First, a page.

Prior to the nationwide municipal reorganization of 1974, Guisborough was an urban district in the North Riding of Yorkshire, England. Historically, it was an ecclesiastical parish in the Langbargh Wapentake.
Guisborough was formerly part of the North Riding of Yorkshire, from 1974 to 1996 part of the County of Cleveland and now in the unitary authority of Redcar and Cleveland. Gighesbore is recorded in the Domesday Book and the ruined Gisborough Priory dates to the 12th century. The priory and Gisborough Hall (16th century, demolished and rebuilt) are spelt without the first U. Some other old sites and names use that same spelling.
Some theories date the town to the Roman occupation of Britain, when it may have been a military fortification. Discovery of a few Roman artifacts support this, such as an elaborate ceremonial helmet, the Guisborough Helmet, but the theory remains unproven.
Extensive residential development occurred during the 1960s and 1970s with the expansion of the chemical industry (at Wilton) and the steel industry (at Redcar).
Guisborough market, held every Thursday and Saturday with a few stalls attending on a Tuesday, has long been a focal point of the surrounding area. Originally selling cattle and other livestock, the market developed into a general market for fruit and vegetables, clothing and flower stalls. The market is open from early morning to late afternoon on the recently restored cobbles that line Westgate, the principal shopping street.
The Guisborough Helmet is a Roman cavalry helmet found near the town in 1864. It was originally fitted with protective cheek-pieces, which have not survived; the holes by which they were attached can be seen in front of the helmet's ear guards. It is lavishly decorated with engraved and embossed figures, indicating that it was probably used for displays or cavalry tournaments, though it may have been worn in battle. The helmet was found in what appears to have been a carefully arranged deposition in a bed of gravel, distant from any known Roman sites. After it was recovered during road works it was donated to the British Museum in where it was restored and displayed.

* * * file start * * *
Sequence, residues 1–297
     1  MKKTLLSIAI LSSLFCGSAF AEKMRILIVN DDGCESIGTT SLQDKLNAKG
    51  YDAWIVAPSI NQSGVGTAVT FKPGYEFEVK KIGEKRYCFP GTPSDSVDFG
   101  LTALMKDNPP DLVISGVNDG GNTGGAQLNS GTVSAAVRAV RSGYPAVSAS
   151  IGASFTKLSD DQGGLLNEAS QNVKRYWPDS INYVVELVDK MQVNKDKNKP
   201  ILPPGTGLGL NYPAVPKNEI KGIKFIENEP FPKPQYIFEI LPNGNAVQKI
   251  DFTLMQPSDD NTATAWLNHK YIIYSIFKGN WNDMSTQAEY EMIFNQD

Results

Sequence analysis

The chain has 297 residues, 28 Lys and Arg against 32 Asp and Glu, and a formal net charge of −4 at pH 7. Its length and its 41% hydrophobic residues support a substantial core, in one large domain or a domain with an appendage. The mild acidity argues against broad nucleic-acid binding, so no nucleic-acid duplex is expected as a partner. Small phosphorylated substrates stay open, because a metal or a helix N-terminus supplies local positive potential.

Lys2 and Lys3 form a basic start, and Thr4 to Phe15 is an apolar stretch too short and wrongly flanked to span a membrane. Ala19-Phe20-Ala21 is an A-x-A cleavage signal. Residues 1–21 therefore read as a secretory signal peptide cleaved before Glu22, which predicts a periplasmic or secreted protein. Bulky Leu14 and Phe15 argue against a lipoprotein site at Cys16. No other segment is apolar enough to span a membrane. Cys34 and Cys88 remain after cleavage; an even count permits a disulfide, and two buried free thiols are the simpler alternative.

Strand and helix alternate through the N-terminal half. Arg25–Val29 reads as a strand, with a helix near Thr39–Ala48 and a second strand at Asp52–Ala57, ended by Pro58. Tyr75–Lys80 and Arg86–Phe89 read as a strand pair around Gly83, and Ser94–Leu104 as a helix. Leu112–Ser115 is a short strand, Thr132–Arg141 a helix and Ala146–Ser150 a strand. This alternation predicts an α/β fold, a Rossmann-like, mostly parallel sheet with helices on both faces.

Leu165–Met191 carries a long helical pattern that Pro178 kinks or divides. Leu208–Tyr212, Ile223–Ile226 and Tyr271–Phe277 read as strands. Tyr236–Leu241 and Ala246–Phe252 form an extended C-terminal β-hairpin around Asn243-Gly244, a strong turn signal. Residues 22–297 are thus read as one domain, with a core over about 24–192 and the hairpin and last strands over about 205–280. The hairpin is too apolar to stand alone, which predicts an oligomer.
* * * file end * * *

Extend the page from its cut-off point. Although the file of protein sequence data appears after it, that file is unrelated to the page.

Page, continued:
Saint Nicholas' Church
Saint Nicholas' Anglican Church is home to the de Brus cenotaph. A church was possibly in existence in 1290, although the chancel dates from the late-15th century. Its nave and interior have been altered; the church, in its present form, is the result of a major re-building between 1903 and 1908 to a design by the architect Temple Moore.
Gisborough Hall, a Victorian mansion, was built in the Jacobean style, in 1856. It is the former home of the family of Lord Gisborough. The estate was owned by the Chaloner family from just after the dissolution of Gisborough Priory until the 1940s. It is a Grade II listed building converted to a hotel, as part of the Macdonald Hotels chain; it is a popular venue for wedding receptions.
The town shared in the prosperity of the Industrial Revolution through its proximity to the ironstone mines of the North York Moors. One of Teesside's leading ironfounders, Sir Joseph Whitwell Pease, chose Guisborough as his country seat, the Alfred Waterhouse-designed Gothic revival Hutton Hall, situated at Hutton Lowcross. It had its own station on the Middlesbrough-Guisborough branch of the North Eastern Railway which closed in 1964.